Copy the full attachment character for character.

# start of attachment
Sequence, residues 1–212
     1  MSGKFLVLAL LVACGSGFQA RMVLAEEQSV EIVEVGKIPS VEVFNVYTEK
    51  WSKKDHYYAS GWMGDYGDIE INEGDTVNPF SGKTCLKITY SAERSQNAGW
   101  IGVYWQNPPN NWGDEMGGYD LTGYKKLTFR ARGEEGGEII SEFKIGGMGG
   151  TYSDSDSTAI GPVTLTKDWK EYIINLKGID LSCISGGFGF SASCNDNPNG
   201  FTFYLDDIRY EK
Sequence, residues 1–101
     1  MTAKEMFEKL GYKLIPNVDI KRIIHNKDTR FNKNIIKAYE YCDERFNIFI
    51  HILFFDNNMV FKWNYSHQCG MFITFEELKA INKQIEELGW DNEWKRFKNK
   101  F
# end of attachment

Sequence, residues 1–212
     1  MSGKFLVLAL LVACGSGFQA RMVLAEEQSV EIVEVGKIPS VEVFNVYTEK
    51  WSKKDHYYAS GWMGDYGDIE INEGDTVNPF SGKTCLKITY SAERSQNAGW
   101  IGVYWQNPPN NWGDEMGGYD LTGYKKLTFR ARGEEGGEII SEFKIGGMGG
   151  TYSDSDSTAI GPVTLTKDWK EYIINLKGID LSCISGGFGF SASCNDNPNG
   201  FTFYLDDIRY EK
Sequence, residues 1–101
     1  MTAKEMFEKL GYKLIPNVDI KRIIHNKDTR FNKNIIKAYE YCDERFNIFI
    51  HILFFDNNMV FKWNYSHQCG MFITFEELKA INKQIEELGW DNEWKRFKNK
   101  F